Total bidding at the FCC's C-Band spectrum auction surpassed all expectations. Telecom companies spent nearly $81 billion for the rights to use the mid-band radio waves. They'll have to spend more still to clear those waves for use on their wireless data networks.
While the telecom giants have had to stretch their balance sheets to gain the rights to valuable spectrum, there are a couple of adjacent industries that stand to benefit from the increased investments.
Wireless spectrum doesn't do much good if carriers don't deploy it. In order to do so, they'll have to add more cell sites to their portfolio, which means new tower leases. There are two main tower companies that stand to benefit: American Tower (AMT 0.35%) and Crown Castle International (CCI -0.01%).
"The biggest correlation to our growth is our customers' capex that they're spending on our networks," American Tower CEO Tom Bartlett said at a recent investors conference. "They're not going to be spending all this capital, all this cash on C-band without the ability to spend a lot of capex on deploying it."
Ironically, Crown Castle's operations are more concentrated in the United States than American Tower's, which may prove its future results are more correlated with American carriers' spending. That said, Crown Castle's tower portfolio is concentrated more heavily in larger metro areas, and a significant portion of its business is in small cells. It's expected carriers will rely more on higher frequency radio bands and fiber in metro areas where cell towers are closer together.
Nonetheless, Crown Castle should see strong interest to deploy spectrum from its existing customers. Crown Castle could potentially gain some new tenants like cable companies looking to build in higher-population-density areas while allowing the nationwide providers to take care of rural markets.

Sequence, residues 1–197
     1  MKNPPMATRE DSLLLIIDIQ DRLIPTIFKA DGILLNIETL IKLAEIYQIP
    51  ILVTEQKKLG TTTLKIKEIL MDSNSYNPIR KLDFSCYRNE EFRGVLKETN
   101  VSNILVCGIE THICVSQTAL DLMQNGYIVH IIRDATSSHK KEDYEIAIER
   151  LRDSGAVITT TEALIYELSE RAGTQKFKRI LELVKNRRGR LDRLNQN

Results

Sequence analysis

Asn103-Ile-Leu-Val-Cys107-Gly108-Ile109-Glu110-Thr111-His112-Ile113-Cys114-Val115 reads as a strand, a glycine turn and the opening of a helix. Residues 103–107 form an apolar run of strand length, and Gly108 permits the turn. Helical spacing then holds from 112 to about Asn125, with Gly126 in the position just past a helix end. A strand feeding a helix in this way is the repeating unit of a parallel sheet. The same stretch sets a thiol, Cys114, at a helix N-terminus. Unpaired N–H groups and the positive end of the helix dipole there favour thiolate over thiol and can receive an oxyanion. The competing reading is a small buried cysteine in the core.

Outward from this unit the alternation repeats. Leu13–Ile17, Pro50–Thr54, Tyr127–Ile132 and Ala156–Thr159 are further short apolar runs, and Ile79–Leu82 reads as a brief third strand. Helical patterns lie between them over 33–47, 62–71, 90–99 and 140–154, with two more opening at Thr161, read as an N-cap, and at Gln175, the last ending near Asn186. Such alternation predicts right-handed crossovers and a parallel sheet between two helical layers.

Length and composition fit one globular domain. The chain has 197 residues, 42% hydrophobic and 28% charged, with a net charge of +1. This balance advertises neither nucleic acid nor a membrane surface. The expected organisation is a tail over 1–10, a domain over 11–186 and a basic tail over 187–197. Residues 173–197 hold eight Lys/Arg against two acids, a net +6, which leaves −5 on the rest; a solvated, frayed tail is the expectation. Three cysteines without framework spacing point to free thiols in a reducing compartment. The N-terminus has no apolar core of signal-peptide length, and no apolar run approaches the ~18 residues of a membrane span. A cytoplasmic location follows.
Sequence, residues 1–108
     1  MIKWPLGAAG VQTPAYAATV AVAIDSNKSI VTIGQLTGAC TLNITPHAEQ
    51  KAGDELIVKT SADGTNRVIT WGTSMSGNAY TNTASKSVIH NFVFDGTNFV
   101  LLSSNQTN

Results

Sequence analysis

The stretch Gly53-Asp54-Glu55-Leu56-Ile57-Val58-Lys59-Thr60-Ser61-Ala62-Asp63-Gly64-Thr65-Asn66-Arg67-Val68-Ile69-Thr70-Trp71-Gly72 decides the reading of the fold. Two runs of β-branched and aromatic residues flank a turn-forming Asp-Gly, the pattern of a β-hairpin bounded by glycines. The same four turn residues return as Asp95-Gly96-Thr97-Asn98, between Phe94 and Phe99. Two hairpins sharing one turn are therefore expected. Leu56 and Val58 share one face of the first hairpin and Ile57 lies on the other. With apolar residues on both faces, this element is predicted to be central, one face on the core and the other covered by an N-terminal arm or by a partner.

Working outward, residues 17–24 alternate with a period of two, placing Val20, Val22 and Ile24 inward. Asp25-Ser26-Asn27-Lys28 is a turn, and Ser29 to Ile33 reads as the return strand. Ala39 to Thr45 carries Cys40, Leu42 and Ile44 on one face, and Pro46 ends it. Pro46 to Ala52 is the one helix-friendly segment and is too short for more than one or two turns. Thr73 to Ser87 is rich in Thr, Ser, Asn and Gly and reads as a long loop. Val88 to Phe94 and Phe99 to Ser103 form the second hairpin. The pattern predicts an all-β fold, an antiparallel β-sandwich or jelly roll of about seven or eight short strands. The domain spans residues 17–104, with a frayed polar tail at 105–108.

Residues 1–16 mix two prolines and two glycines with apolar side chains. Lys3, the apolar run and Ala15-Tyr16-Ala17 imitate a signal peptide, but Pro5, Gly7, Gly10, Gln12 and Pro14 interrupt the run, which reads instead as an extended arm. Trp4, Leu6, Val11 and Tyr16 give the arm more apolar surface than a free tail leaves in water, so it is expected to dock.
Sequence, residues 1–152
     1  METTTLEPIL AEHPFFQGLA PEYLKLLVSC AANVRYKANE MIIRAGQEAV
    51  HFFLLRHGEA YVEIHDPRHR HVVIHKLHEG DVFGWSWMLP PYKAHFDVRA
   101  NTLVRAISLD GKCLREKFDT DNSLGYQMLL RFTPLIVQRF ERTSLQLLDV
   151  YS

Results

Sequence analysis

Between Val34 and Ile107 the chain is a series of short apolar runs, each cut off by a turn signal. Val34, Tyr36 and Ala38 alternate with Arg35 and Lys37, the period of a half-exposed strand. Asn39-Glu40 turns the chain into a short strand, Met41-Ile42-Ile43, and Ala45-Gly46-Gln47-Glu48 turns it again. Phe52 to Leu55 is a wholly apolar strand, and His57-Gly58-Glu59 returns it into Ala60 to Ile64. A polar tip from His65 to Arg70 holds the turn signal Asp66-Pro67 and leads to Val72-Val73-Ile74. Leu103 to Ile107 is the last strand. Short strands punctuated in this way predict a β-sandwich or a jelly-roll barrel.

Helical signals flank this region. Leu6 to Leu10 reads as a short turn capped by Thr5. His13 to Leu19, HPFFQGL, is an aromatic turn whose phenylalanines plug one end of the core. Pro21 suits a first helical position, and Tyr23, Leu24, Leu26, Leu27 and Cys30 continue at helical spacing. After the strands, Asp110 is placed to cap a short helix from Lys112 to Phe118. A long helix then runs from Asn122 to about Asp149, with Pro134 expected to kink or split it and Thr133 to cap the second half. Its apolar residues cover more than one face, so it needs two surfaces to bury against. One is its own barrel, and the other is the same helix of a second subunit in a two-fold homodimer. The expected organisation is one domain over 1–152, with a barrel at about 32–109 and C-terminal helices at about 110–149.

But investors won't see a payoff immediately. For one, most of the spectrum the FCC just auctioned won't be cleared until 2023. The A blocks clear in December of 2021. Ultimately, that means carriers won't sign new leases for new equipment until late 2021 at the earliest, so the results won't show up until 2022. Even then, the ramp up in spending is likely gradual as carriers can only deploy their new spectrum so quickly and they aren't going to pay for towers they're not using.
The last piece of the puzzle for network operators is the equipment to broadcast those radio waves. Some of the top 5G equipment manufacturers are Ericsson (ERIC 2.27%), Nokia (NOK 0.10%), Samsung (OTC: SSNLF), and Huawei. The latter, however, is currently banned in the U.S., U.K., and Sweden. Meanwhile, there's pressure for other countries to ban the equipment manufacturer as well.
Carriers were expected to spend $3 billion to $3.6 billion on C-band equipment prior to the start of the FCC auction. Carriers may spend more if equipment providers can help produce a return on their spending more quickly through faster deployment.
Samsung may be best positioned to capitalize on Huawei's absence. It signed a $6.5 billion deal with Verizon in September. The carrier's expected to have been the biggest spender at the FCC auction earlier this year. Samsung also has the most to gain after falling well behind in the wireless equipment race in prior years. That said, the company's been heavily focused on its equipment for C-band spectrum, and it could prove a big winner with other carriers as well.
But Samsung is a massive conglomerate, and its wireless equipment business won't have a big impact on its overall business, which is more concentrated on consumer electronics. Additionally, carriers are unlikely to use only one equipment provider, so there's still a big opportunity for Nokia and Ericsson in the absence of Huawei.
The challenge for Nokia and Ericsson will be remaining cost competitive with Samsung, which is looking to take market share and has a much larger business to sustain lower prices. That could put pressure on its margins despite expected revenue growth.
There are a lot of ways to invest in 5G in the United States. The big wireless carriers are showing a willingness to spend heavily on the next generation network, so investing in the companies that serve them could be one of the best ways to profit.